Review: Katrina Lee’s The Legal Career

Katrina Lee’s new book on the business of law, The Legal Career: Knowing the Business, Thriving in Practice (West 2017), starts by exploring the design of a law-firm office. Lee points out that the law office can be seen as a microcosm of the legal industry: evolution, yes, but also persistent adherence to the old ways. … Continue reading Review: Katrina Lee’s The Legal Career

Civil disagreement

In a recent Time editorial, Yale Law Dean Heather Gerken lionized the law school as a bastion of civil disagreement. She cited the uninterrupted speech of Charles Murray at Yale as an example of civility: Law school conditions you to know the difference between righteousness and self-righteousness. That's why lawyers know how to go to … Continue reading Civil disagreement

Listening Skills in the Law School Classroom

This post is for law professors, educators, and anyone interested in listening-related skills training... Listening contributes to law students’ success in many ways. From participating in class discussion to doing good work in clinics to writing an exam that reflects what was discussed in class, students who listen effectively are in a better position to … Continue reading Listening Skills in the Law School Classroom

Non-Verbal Persuasion

This guest post summarizes the authors’ presentation, “Beyond Words: What Business Schools Can Teach Us About Non-Verbal Persuasion” at last week’s Association of Legal Writing Directors Biennial Conference held at the University of Minnesota Law School. By Erin Carroll, Georgetown Law, and Shana Carroll, Northwestern University Kellogg School of Management The practice of law places … Continue reading Non-Verbal Persuasion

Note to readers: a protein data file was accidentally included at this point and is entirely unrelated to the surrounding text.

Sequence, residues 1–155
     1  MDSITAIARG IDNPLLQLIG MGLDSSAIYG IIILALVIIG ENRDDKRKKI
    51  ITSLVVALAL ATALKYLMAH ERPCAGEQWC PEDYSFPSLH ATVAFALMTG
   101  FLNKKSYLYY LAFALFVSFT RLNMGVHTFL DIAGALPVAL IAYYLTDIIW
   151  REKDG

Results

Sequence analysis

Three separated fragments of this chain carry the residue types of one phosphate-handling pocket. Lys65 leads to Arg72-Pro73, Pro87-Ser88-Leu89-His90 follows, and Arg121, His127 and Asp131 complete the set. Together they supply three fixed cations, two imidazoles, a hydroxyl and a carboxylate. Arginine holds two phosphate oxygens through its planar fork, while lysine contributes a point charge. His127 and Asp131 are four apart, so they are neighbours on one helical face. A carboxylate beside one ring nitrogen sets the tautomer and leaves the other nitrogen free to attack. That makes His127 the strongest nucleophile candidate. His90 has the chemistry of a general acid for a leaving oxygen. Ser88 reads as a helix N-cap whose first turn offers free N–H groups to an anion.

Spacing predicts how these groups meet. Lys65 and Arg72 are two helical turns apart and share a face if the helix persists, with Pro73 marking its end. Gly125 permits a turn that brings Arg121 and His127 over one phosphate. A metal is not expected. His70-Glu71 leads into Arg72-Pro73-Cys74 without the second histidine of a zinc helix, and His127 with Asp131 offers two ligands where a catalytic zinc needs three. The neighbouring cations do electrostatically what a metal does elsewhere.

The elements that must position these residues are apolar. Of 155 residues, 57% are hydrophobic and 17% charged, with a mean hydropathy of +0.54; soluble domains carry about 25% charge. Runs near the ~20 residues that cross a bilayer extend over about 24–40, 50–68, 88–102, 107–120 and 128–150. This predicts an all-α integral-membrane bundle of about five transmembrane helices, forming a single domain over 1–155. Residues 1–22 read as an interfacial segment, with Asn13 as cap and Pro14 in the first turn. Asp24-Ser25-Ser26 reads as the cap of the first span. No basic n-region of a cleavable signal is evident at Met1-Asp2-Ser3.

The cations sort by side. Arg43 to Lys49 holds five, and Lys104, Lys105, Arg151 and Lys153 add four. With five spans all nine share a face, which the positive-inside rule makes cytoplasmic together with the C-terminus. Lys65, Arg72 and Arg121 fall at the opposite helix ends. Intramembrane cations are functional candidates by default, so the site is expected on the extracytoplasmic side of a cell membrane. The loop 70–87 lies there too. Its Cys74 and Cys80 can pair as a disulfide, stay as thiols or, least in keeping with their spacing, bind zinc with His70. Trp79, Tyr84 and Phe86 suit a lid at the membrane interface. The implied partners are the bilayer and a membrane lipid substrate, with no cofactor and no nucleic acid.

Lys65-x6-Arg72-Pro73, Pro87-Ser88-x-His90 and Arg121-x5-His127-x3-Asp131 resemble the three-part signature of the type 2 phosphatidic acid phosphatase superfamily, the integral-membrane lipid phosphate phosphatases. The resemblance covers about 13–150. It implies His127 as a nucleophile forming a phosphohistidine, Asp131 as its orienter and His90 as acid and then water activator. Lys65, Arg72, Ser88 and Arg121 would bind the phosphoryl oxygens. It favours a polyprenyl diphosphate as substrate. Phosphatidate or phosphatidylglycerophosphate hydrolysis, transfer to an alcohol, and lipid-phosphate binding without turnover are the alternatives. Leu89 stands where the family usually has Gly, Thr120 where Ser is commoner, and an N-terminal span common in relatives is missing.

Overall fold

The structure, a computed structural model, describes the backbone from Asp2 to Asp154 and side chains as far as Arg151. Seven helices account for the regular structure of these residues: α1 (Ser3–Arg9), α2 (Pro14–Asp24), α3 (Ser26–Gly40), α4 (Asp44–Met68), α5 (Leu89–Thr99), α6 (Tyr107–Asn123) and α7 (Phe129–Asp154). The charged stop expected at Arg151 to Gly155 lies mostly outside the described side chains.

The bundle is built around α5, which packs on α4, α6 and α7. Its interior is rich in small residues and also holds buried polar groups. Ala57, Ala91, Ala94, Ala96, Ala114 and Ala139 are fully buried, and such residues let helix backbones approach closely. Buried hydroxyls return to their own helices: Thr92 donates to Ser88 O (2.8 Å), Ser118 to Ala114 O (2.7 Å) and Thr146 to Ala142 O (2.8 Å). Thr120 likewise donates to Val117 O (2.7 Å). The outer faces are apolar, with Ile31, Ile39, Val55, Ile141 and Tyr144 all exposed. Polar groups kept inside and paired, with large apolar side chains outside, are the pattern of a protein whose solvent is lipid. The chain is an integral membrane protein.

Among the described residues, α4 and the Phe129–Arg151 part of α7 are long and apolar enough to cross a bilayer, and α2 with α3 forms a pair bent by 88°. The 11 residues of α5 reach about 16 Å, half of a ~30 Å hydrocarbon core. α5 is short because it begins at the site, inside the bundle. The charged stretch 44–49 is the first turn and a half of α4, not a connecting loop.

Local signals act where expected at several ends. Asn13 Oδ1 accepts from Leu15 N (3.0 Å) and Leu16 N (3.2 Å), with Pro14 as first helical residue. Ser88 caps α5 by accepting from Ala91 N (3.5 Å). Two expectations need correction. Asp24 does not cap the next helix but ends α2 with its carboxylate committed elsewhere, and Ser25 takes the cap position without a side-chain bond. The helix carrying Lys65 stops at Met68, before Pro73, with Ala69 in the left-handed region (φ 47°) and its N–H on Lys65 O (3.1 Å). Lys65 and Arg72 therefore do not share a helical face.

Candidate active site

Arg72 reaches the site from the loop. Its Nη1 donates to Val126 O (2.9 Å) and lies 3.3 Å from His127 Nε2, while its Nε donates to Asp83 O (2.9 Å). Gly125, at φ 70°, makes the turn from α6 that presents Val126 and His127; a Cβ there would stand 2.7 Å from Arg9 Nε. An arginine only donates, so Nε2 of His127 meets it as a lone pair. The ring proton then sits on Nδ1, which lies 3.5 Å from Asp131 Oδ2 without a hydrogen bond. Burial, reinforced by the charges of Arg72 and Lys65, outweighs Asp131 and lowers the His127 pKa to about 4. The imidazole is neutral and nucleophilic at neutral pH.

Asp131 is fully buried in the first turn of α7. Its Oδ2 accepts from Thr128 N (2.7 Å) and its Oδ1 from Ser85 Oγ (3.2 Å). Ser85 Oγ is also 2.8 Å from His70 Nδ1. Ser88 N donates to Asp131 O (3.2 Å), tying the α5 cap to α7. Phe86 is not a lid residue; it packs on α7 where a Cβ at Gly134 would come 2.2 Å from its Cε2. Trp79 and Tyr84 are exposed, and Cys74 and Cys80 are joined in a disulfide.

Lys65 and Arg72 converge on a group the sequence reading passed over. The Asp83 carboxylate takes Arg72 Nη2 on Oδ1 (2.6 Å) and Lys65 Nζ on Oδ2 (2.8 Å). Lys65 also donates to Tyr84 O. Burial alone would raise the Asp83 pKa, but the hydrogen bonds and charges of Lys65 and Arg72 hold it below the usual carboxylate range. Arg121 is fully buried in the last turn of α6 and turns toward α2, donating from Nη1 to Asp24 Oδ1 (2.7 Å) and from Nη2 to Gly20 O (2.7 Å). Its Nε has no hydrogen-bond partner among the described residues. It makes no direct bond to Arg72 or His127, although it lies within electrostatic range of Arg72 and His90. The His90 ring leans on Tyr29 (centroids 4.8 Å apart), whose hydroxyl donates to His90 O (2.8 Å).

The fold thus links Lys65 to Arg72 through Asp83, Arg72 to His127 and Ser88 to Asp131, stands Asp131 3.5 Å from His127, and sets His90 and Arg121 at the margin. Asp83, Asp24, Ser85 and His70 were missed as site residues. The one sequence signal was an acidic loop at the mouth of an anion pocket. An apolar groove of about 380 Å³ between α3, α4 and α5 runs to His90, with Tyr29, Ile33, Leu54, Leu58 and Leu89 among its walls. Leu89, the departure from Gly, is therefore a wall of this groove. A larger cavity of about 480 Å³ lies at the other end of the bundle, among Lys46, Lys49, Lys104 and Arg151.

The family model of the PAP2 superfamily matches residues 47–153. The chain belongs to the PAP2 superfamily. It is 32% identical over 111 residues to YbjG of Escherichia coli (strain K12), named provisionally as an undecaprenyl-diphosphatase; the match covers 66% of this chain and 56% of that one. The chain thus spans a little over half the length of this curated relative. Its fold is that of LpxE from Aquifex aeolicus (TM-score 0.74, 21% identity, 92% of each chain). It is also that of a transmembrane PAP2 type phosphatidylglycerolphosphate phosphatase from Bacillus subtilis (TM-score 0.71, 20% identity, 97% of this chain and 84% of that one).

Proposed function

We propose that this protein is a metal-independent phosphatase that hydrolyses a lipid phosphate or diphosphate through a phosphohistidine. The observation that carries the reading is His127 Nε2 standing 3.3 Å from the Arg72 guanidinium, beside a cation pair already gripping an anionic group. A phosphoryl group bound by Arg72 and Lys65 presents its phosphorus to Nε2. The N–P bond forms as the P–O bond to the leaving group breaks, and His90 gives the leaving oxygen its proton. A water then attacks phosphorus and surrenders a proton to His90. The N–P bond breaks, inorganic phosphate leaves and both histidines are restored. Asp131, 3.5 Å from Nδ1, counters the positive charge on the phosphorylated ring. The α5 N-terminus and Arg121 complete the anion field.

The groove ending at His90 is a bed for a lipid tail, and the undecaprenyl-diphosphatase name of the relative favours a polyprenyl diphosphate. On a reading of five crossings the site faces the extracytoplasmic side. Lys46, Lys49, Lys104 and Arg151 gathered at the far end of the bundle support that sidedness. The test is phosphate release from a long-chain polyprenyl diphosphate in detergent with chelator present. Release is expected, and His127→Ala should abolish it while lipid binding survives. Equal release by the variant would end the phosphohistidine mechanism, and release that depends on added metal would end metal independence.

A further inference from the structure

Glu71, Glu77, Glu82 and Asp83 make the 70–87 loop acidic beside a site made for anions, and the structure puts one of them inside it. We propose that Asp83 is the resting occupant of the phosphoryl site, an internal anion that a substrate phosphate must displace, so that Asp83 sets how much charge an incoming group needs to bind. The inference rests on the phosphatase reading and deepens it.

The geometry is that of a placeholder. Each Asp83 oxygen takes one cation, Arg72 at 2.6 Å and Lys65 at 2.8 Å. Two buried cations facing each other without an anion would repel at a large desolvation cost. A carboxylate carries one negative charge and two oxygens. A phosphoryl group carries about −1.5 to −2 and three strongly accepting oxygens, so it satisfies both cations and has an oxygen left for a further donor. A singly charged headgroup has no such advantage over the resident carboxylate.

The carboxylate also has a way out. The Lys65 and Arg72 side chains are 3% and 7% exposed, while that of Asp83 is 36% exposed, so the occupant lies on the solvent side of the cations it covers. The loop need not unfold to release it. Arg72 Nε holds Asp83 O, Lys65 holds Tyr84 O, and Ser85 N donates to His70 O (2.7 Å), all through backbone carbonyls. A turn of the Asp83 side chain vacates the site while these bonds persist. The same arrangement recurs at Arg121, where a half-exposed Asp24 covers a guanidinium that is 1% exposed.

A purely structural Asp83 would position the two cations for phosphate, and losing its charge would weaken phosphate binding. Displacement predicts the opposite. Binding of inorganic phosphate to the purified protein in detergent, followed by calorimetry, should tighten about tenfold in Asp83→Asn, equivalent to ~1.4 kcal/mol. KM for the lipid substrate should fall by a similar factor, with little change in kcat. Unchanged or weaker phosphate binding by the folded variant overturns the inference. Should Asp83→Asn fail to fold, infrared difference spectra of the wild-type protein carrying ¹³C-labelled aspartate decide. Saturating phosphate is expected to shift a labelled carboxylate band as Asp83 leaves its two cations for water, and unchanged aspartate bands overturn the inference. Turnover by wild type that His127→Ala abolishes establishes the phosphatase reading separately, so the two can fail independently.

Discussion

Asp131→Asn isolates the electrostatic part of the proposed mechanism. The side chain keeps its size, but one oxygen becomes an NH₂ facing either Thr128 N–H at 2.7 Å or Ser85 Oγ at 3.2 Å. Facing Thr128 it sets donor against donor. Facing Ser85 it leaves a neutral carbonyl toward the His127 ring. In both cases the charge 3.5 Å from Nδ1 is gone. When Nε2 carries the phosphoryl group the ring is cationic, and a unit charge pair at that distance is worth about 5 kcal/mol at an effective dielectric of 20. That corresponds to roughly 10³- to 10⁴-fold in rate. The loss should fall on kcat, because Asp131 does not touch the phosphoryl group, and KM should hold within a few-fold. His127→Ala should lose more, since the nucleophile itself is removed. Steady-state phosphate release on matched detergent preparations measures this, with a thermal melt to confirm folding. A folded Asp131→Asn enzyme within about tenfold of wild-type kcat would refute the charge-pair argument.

Listening begets listening

Thanks to Professors Alexa Chew and O.J. Salinas for their guest post below on fostering an open dialogue on diversity and inclusion in law schools. They will be presenting on these issues this week at the Association of Legal Writing Directors' 2017 conference. Law schools throughout the country continue to face issues related to diversity … Continue reading Listening begets listening

Stereotype threat

Before a math test, women test-takers reminded of their gender did worse on the test than a control group who took the same test without the reminder. This experiment forms a classic example of stereotype threat, which Professor Susie Salmon from Arizona Law spoke about at the recent Moot Court Advisors’ Conference held by the … Continue reading Stereotype threat

Habit-forming classrooms     

How much time do law students spend in class? I’ve been thinking about the behavioral implications of so much time in front of laptop screens. I look forward to reading but don’t actually need to read Irresistible: The Rise of Addictive Technology and the Business of Keeping Us Hooked to know that looking at a … Continue reading Habit-forming classrooms     

Deliberate practice and lawyering skills

This past weekend, the Legal Writing Institute hosted its second Biennial Moot Court Conference at John Marshall Law School in Chicago. Several of the talks touched on listening-related themes. Kent Streseman of the Chicago-Kent College of Law explored the concept of “deliberate practice” for moot court competitors. His summary of the tenets of deliberate practice … Continue reading Deliberate practice and lawyering skills

Let the ice cube melt

The other day I had to have my eyes dilated. As they slowly came back into focus, I tested them on this week’s issue of The New Yorker. One of the essays focused on Allison Janney, currently starring on Broadway in “Six Degrees of Separation.” Janney’s character in the play owns a Kandinsky (Wassily Kandinsky, one … Continue reading Let the ice cube melt

Postscript on “um”

Yesterday I had the pleasure of moderating a Facebook chat on Rutgers law professor Barbara Gotthelf's article The Lawyer's Guide to "Um." She published it in Legal Communication & Rhetoric: JALWD (for which, full disclosure, I'm a social media editor.) The Facebook chat, available here in LC&R's ongoing Discussion Group, was a chance to explore … Continue reading Postscript on “um”